Oxfordians accept the minute quantity of contemporary praise for Oxford’s literary efforts at face value and lionize him as a man of letters. In spite of some hilarious shortcomings as a versifier, many do not hesistate to describe him as the greatest court poet of his day, in an age where the bar has never been set higher. Yet the commentary on Oxford's poetical work least likely to be affected by issues of patronage comes from the renowned court poet Sir Philip Sydney. And it isn't complimentary at all.
Oxford and Sir Philip did not get on. They were on opposite sides of the marriage dispute in the 1570s, Oxford favouring a French marriage, Sydney against.
In August 1579, when Oxford was 29, they famously quarrelled in a tennis court and Sydney tried to finesse Oxford into challenging him to a duel that the Queen subsequently prevented by direct intervention.
Sydney seems to have responded in kind by taking a headmasterly eye to Oxford’s poetry and writing a very cynical response to Oxford’s poem, ‘Were I a king’. It is not the satire of a rival. He corrects Oxford’s metre and readjusts both the selfish sentiments and the wayward logic of the original:
Were I a king I might command content;
Were I obscure unknown would be my cares,
And were I dead no thoughts should me torment,
Nor words, nor wrongs, nor love, nor hate, nor fears;
A doubtful choice of these things which to crave,
A kingdom or a cottage or a grave.
Sydney’s answer, which dates from 1579 and may even have had something to do with the duel, applies a little more thought to the issue.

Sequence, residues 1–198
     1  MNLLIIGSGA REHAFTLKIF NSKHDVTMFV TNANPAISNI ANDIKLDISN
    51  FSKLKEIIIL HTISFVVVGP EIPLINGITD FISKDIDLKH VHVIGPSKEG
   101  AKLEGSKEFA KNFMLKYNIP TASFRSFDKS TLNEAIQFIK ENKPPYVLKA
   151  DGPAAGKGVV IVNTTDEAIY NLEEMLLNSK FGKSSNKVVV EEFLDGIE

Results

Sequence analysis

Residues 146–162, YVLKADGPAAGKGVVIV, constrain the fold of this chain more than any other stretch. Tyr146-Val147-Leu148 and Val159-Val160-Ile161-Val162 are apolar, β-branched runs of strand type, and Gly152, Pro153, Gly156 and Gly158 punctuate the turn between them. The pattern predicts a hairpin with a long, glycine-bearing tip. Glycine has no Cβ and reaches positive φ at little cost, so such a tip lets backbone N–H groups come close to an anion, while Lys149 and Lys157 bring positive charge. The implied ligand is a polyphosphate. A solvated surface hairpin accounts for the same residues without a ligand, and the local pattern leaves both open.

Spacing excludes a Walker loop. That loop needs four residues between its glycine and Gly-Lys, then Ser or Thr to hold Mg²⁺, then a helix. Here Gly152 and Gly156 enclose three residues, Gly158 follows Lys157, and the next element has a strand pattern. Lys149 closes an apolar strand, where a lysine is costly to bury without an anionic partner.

Wert thou a King yet not command content,
Since empire none thy mind could yet suffice,
Wert thou obscure still cares would thee torment;
But wert thou dead, all care and sorrow dies;
An easy choice of these things which to crave,
No kingdom nor a cottage but a grave.
The repetition at the beginning of Oxford's first two lines is done for effect this time, rather than the sort of careless repetition we see elsewhere in his verse. The effect is rather unappealing, however, so Sydney does not echo it.
The second line of Sidney’s reply uses a grammatical compression that is nowhere evident in Oxford’s work. ‘Since empire none’ contains no verb. It is a compression of 'Since I would have no empire' and sits in apposition to the remaining half of the line. Using the same technique, Sydney could have eliminated the words 'Were't thou' and ‘But were’t thou’ in the third and fourth lines but there is so little matter in Oxford’s six lines that any more compression would defeat the object of the exercise by making the riposte unrecognisable.
Sydney’s tone is that of a disappointed teacher correcting an unpromising pupil’s homework and the change in sentiment is a direct rebuke of the arrogant, self-obsession shown in the original.
'Were I a King' can hardly be ascribed to Oxford’s juvenilia. Sydney would not have picked on Oxford’s schoolwork to ridicule him. This is Oxford, after his fall from grace, bemoaning his lack of respect and the unwelcome publicity his misdeeds attract. Lack of respect is one of the Earl’s regular themes but is found nowhere in Will's work.
Though the second poem here is significantly better than the first, neither work is of sufficient quality to appear on even the outer fringes of the Shakespearean radar screen. Sydney is the more accomplished writer, but neither of these men are in Shakespeare's League.